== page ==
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Thread: Unusual Behaviour Help!!

  1. #1
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    Unhappy Unusual Behaviour Help!!

    Hi, I recently rescued a small terrier from the pound with huge behavioural problems, most of which we have ironed out with strong Alpha dog leadership, however he still has bad visitor agression. I have had the behavioural therapist out to him and I follow her instructions practicing each week with a quiet friend of mine. It has been going well, this week he took 2 treats of her and actually came to her for a pat, BUT when she went to move away he went for her, why does he do this when a person moves away, I could understand it if he went for someone while they were facing him and making eye contact but why when they go to walk away? The tone of his bark changed to the more dangerous one, and he jumped up and mouthed her HE DID NOT bite, just mouthed, but after such a good morning it was very disappointing. When he first came to us, he used to do this with my dad, bark and wag his tail at same time ( trainer said he is a very confused little dog) so dad would let him sniff his hand and stroke him, as if to say, hey its only me calm down, then Scrappy would go for him WHEN HE WENT TO MOVE AWAY, he doesnt do it with dad now, but still does with my visitor, anyone understand why he does it when the person moves away???........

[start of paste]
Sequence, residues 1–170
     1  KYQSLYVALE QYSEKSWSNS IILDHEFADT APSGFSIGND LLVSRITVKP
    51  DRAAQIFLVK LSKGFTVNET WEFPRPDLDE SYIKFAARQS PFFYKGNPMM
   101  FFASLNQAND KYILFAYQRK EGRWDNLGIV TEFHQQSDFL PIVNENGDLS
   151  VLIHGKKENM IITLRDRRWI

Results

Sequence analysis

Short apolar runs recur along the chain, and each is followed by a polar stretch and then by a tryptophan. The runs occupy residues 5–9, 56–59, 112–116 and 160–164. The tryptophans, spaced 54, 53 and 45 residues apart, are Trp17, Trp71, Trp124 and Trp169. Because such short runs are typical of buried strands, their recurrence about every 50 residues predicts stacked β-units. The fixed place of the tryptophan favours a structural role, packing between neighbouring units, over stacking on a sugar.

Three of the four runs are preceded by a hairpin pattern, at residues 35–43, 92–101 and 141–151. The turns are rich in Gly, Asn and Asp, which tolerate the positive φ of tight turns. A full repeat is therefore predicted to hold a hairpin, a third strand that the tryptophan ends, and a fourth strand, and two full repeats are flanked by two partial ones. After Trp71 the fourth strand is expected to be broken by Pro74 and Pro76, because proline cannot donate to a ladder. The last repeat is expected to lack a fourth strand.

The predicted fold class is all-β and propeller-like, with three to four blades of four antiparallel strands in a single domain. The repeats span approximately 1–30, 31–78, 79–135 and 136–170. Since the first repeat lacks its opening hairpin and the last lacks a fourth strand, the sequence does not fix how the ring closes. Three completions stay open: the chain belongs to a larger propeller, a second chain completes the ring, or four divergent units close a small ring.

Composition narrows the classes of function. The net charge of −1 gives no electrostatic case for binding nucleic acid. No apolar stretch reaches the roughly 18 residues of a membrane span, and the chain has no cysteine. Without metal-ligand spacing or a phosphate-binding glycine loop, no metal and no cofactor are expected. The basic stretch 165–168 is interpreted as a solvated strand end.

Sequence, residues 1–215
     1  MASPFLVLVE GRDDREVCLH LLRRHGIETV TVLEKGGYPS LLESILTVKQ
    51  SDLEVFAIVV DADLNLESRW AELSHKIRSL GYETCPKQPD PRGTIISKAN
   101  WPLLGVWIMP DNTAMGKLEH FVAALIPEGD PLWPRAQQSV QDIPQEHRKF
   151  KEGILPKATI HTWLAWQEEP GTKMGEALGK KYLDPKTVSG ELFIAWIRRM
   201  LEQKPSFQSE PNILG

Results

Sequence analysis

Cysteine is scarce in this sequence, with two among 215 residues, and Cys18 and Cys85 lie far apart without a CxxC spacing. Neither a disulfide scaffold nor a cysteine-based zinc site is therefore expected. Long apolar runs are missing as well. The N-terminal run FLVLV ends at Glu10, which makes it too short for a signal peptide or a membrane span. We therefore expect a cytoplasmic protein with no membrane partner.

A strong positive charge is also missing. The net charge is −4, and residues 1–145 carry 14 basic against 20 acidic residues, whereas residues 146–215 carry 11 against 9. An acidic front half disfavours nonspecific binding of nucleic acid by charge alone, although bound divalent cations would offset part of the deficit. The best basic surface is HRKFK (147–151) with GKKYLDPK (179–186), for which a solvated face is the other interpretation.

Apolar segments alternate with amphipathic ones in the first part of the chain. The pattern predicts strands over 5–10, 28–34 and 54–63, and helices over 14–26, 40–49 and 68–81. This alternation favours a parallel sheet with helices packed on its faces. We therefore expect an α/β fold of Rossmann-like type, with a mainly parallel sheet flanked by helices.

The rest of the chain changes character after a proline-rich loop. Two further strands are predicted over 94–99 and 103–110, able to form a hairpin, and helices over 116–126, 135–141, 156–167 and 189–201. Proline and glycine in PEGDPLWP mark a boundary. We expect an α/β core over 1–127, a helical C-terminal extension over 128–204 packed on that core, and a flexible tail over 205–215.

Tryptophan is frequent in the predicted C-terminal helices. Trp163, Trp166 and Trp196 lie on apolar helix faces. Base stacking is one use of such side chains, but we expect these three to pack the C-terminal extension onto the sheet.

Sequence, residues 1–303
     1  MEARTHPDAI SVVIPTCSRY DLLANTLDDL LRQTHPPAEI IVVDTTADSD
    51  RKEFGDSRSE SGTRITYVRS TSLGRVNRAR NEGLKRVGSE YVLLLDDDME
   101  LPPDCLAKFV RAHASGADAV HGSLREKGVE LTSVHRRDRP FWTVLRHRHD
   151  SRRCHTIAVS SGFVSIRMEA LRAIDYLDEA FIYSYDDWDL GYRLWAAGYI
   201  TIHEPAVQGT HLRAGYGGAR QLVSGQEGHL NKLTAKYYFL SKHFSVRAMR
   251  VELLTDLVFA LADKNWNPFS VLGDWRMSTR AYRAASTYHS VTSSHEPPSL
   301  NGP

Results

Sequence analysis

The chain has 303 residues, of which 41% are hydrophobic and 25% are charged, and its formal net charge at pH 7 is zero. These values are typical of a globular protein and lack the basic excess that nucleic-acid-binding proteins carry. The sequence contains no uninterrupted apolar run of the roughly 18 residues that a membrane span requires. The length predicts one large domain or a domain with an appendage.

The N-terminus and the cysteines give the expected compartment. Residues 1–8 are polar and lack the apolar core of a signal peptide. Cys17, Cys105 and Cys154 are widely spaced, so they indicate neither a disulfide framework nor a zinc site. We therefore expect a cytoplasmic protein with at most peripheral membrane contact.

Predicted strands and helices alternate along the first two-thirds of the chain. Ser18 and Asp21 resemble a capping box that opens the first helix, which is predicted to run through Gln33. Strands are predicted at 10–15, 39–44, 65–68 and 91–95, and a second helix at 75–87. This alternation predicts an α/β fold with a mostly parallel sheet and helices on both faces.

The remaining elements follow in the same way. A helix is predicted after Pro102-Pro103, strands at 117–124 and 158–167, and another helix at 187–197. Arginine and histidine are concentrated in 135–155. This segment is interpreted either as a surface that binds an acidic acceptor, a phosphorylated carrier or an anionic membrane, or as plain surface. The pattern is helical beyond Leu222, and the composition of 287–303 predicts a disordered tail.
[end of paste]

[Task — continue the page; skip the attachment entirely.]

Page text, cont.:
2. #2
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    What has your behavioural therapist instructed you to do? Please don't tell me you crate the dog when this happens.

    This is pure fear aggression, not dominance aggression or anything to do with your leader/Alpha position IMO.

  3. #3
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    Unhappy Re scrappy:

    To be honest my therapist hasnt told me what to do in this situation, as Scrappy has only ever done it with family members before, and this is visitor practice and the visitor practice has been on the lead for 3 months and this was his first try off the lead, obviously its back on the lead again, as he is nowhere near feeling secure enough. This one time I did pick him up and put him in his crate simply because I did not know what else to do, in future, what should I do..... Desperate to do the right thing by this little terrier, and definitely not wanting to make him any worse in any way, so please advise me .

  4. #4
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    Wink PS

    PS What can I do to make him feel less fearful, as this is fear aggression, perhaps have him back on the lead with this one visitor, he is very lucky in some ways, my friend is very softly spoken and slow moving and is an absolute gem, most people would not be kind enough to put up with a terrier barking non stop at them, and then mouthing ...........